•Reliability coefficients usually fall in the .70s, .80s or .90’s.
•The more important the prediction or application, the more critical the reliability.
Standard Error of Measurement
•Psychologists assume some test “unreliability”.
•Observed Score=True Score + E (error)
•Measurement error is assumed to be random.
–The errors would form a normal distribution.
•Standard deviation of errors is the SEM or the standard error of a score.
•Provides information regarding confidence in the obtained test score.
•An obtained score is not assumed to be the ‘True’ score.
•The larger the SEM, the less confidence there is that the obtained score is close to True score.
Confidence Intervals
•A Confidence interval is a band of scores around the obtained score in which we assume the true score is located.
•Intervals are set depending upon the degree of confidence required. The greater the need to hit the true score, the greater the confidence interval.
•Use Z scores to create 68%, 95%, or 99% CI. Convention is typically 95% level.
•Most tests provide tables for Confidence Intervals.
•No confidence interval can be constructed that can predict with absolute certainty where a person’s true score will lie.
Reliability & Validity
•A test must first be dependable (Reliability).
•Once a test is dependable, the ongoing process of validation can begin (Validity).
Validity
The extent to which a test measures what it is supposed to measure and the appropriateness with which inferences can be made on the basis of the test results.
Reliability
Consistency of scores obtained by the same person when re-examined with the same test on different occasions, or with different sets of equivalent items, or under other variable examining conditions.
Establishing Reliability
•Test-retest method
–The error variance corresponds to the random fluctuations of performance from one test session to another.
–Interval of time is always specified.
–The higher the retest reliability, the more consistent the tests scores are from administration to administration.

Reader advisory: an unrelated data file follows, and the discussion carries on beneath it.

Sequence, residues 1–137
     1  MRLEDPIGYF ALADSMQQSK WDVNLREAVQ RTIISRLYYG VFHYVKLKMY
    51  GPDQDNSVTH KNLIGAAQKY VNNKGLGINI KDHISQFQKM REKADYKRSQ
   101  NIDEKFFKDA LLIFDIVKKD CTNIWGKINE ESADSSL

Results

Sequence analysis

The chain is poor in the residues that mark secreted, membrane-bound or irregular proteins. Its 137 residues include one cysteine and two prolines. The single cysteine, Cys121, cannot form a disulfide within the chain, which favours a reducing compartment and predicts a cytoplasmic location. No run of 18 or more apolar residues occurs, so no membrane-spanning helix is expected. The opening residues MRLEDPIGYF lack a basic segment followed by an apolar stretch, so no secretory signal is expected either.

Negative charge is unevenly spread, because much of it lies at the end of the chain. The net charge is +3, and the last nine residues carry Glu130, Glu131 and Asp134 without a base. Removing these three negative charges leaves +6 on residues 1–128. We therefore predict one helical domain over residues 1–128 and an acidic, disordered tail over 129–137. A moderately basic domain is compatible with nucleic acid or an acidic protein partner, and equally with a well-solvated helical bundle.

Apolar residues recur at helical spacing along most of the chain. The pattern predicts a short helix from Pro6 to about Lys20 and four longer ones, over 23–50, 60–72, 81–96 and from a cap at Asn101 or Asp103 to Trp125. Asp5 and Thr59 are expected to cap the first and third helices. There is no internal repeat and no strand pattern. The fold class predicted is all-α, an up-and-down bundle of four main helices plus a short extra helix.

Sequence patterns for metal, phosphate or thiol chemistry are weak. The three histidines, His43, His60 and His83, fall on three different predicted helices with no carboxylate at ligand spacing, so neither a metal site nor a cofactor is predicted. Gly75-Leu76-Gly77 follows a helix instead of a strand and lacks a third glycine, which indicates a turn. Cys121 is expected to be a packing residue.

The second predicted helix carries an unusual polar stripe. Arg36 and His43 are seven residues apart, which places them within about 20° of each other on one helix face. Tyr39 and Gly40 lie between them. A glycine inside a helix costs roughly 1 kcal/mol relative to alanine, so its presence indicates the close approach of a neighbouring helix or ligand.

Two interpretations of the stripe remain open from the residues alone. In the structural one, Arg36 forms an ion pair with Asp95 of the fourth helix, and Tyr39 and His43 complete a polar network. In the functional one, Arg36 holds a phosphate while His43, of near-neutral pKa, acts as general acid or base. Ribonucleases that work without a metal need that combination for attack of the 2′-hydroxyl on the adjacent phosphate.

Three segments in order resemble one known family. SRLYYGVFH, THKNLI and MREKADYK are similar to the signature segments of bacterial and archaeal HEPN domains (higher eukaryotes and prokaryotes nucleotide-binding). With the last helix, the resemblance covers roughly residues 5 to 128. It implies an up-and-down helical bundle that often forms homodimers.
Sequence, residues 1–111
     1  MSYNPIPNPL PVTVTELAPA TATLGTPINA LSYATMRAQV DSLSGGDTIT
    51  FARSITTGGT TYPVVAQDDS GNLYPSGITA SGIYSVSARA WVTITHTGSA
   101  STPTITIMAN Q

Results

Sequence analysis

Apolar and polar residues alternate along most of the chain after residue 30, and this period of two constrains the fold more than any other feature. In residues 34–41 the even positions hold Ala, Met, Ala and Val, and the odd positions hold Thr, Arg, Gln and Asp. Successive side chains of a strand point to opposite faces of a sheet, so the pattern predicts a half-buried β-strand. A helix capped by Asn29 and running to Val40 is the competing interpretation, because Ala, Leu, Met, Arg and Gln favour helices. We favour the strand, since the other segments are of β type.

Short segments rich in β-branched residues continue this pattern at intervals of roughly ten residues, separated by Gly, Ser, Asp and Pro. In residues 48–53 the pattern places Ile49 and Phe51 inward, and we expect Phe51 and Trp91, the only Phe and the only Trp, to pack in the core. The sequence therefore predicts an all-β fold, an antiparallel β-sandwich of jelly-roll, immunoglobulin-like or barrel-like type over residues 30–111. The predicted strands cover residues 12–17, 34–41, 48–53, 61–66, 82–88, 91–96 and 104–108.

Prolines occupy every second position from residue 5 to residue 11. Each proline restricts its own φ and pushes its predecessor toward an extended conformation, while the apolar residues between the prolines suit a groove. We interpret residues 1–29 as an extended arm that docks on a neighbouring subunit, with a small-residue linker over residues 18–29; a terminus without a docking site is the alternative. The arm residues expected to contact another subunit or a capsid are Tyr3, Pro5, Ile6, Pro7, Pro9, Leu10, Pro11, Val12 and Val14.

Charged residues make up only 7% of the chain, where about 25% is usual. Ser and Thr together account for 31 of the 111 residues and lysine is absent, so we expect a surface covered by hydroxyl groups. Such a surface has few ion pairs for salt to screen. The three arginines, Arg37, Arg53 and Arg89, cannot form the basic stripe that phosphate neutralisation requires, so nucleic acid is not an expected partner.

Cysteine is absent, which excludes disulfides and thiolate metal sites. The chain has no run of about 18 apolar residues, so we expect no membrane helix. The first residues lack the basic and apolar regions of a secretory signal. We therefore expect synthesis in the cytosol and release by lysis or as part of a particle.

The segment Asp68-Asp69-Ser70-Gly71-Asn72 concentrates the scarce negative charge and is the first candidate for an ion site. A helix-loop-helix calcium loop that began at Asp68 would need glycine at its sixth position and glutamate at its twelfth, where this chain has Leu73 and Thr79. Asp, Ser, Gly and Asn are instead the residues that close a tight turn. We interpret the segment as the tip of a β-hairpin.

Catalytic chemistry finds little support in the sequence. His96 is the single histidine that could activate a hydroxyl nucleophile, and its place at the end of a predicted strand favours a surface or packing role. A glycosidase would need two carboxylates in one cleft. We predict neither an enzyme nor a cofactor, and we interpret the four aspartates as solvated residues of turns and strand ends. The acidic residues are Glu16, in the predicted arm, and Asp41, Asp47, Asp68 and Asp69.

Test-Re-test Drawbacks
•Practice and Carry over effects
–Carry over is associated with the content of questions.
–Practice effects are associated with the type of questions.
•Due to these effects, test-retest reliability is not always an appropriate measure of reliability.
Alternate-Form Reliability
•Two tests are created. Scores are correlated as an estimate of reliability.
•The error variance may reflect problems with content sampling.
–A test with strong reliability covers domain fairly.
–This method does not account for errors due to inappropriate item sampling.
•Alternate-Form Reliability does correct some for carry over effects but not fully for practice effects.
Reliability Coefficients
•Split-half reliability (cut test in half)
–Consistency of content sampling is an issue.
–Longer tests are more reliable.
–Spearman Brown formula can provide correction.
•Kuder-Richardson & Coefficient Alpha
–Error variance reflects content sampling and heterogeneity of behavior sampled.
–KD is mean of all split-half coefficients; used on True/False or right/wrong items.
–Coefficient Alpha is used on numerical scores.
Scorer Reliability
•This is error due to rater differences.
•Tests can be complicated to score.
•Tables may be confusing to read.
•Tests designed for ease of administration and scoring increase scorer reliability
•Computer scoring programs eliminate this factor.
Recommendations for Practice
•Become familiar with the tests used in your area of practice. Know about reliability and validity.
•Do read the manual on the tests in use in your practice area, even if you do not directly administer.
•Understand the meaning of any scores that are reported to the clients in your practice area.